For over three decades, Toyota New Zealand has been at the forefront of the country’s automotive sector — in the sales arena, initially, and eventually in the development of new technologies to help mitigate the effects of climate change. The company has ramped up these initiatives as Japan and New Zealand commemorate 70 years of bilateral relations.

To mark the momentous milestone, signaling New Zealand’s openness to business and encouraging stronger cooperation between the two countries, N.Z. Prime Minister Jacinda Ardern was recently on a trade mission to Japan, the first since the start of the pandemic. Toyota New Zealand was part of this trade mission; specifically, to advance its efforts towards carbon neutrality by 2050 through showcasing its hydrogen technology advancement and its new mobility initiatives.

Neeraj Lala, CEO of Toyota New Zealand | © TOYOTA NZ
Neeraj Lala, CEO of Toyota New Zealand | © TOYOTA NZ

“PM Ardern’s passion is to restart the economy; but, equally, the New Zealand government is very committed to addressing the climate crisis. Our role as part of the trade delegation group was to promote and advance the opportunities around green hydrogen,” shared Neeraj Lala, CEO of Toyota New Zealand. “We have a passion to support the government and collaborate — private with public sectors — with its push for green hydrogen as a renewable energy asset. There’s an opportunity to really develop a hydrogen economy, both in the domestic and export markets,” he added.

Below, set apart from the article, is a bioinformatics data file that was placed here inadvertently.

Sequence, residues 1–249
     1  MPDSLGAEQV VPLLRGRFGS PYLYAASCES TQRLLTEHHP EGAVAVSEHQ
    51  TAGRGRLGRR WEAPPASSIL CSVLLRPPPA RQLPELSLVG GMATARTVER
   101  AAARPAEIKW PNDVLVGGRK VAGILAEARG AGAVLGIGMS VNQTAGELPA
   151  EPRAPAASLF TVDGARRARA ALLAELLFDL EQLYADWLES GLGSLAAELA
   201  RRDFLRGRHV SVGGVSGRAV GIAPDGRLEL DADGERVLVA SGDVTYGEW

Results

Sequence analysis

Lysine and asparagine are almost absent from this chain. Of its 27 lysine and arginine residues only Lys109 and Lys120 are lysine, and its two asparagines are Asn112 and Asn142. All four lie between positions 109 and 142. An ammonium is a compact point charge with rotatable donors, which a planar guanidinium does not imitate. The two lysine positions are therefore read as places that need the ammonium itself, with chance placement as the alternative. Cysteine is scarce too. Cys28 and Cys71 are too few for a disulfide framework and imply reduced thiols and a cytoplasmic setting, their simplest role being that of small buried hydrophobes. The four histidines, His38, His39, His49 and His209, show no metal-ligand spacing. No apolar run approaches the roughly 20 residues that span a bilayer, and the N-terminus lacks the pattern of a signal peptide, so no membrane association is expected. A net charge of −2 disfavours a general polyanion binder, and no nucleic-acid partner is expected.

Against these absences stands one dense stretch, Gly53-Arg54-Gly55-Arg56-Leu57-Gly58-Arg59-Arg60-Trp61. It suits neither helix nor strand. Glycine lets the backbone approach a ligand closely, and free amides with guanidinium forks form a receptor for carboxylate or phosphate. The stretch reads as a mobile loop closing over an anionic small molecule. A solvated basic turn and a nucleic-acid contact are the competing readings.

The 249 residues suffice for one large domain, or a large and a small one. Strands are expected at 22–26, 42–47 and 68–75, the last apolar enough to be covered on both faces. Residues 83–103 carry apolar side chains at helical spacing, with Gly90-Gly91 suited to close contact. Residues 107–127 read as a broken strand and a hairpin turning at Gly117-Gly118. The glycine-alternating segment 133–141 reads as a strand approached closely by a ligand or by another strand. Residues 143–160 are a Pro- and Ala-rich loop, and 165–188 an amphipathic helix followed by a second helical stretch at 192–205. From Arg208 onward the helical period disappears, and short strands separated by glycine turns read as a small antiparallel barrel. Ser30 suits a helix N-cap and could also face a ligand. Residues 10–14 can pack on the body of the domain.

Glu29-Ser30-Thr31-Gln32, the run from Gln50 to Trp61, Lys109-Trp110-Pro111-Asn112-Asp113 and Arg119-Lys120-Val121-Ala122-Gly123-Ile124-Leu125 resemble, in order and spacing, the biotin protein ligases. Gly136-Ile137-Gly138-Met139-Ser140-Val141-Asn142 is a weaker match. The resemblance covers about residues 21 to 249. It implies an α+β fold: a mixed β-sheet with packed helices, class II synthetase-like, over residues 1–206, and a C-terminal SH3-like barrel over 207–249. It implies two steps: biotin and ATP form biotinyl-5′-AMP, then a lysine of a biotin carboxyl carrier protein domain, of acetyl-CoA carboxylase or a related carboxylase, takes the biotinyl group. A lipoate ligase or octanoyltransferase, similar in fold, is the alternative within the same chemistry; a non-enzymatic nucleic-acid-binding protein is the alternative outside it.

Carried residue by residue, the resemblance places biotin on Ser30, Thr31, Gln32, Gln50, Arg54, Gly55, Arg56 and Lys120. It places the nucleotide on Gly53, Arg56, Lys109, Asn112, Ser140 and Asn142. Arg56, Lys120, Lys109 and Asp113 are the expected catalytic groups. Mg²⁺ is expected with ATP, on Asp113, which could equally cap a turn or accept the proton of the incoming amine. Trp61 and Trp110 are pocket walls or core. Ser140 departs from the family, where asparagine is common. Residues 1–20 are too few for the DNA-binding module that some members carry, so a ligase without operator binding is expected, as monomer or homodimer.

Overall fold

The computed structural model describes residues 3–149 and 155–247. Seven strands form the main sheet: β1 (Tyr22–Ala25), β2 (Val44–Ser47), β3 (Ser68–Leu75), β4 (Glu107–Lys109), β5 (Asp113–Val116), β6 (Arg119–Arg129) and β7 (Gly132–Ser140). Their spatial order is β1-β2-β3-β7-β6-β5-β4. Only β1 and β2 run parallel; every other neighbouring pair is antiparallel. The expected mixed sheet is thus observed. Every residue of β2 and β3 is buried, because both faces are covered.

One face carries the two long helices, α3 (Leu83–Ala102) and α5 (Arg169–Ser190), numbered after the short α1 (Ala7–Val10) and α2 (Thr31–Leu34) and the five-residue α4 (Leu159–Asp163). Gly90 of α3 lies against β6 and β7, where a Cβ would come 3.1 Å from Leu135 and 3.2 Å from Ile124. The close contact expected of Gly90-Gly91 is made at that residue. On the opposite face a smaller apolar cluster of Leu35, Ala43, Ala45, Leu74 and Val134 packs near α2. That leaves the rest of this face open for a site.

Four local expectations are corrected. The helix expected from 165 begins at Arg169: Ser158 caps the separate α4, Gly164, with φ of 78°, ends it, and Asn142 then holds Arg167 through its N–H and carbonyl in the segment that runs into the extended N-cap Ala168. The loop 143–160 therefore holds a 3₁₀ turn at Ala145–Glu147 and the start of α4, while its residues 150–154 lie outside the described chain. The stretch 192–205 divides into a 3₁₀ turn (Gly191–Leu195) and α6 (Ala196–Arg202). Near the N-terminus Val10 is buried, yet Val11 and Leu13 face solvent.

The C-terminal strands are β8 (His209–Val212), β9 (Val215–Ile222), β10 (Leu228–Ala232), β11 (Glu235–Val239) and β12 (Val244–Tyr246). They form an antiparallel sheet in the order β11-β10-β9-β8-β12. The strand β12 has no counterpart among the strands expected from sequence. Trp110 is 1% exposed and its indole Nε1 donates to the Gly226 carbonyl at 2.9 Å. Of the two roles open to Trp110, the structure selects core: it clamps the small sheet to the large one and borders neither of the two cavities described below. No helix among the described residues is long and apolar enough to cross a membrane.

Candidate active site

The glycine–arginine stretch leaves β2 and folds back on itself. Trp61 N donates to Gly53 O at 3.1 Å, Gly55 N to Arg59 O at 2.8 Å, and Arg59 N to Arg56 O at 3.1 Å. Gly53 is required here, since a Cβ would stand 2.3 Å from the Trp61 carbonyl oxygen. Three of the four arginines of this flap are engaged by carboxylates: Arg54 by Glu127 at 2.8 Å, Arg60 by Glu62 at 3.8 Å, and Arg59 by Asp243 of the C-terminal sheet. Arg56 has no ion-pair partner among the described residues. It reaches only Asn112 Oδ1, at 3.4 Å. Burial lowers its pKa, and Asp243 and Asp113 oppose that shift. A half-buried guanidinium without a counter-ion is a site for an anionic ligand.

In alignment with these goals, Toyota N.Z. has launched its hydrogen-powered Car Share scheme. Four hydrogen-powered Toyota Mirai cars comprise the initial fleet for eight N.Z. companies, in this first-ever commercial application of hydrogen fuel cell technology in the country and will be refueled by green hydrogen supplied by Obayashi  Corp. Additionally, in partnership with Emirates Team New Zealand and trading house Mitsui, Toyota N.Z. has likewise launched the world’s first hydrogen-powered chase boat for the 37th America’s Cup.

“We are broadening our focus from just selling cars to becoming a responsible corporate citizen of New Zealand,” Lala noted. To this end, the company has rolled out the “Citizenship Award,” which focuses on the social impact that Toyota’s stores have in their communities.

“It’s about creating value and social impact within your community; whether you’re promoting sustainability or mobility for all within the local community.”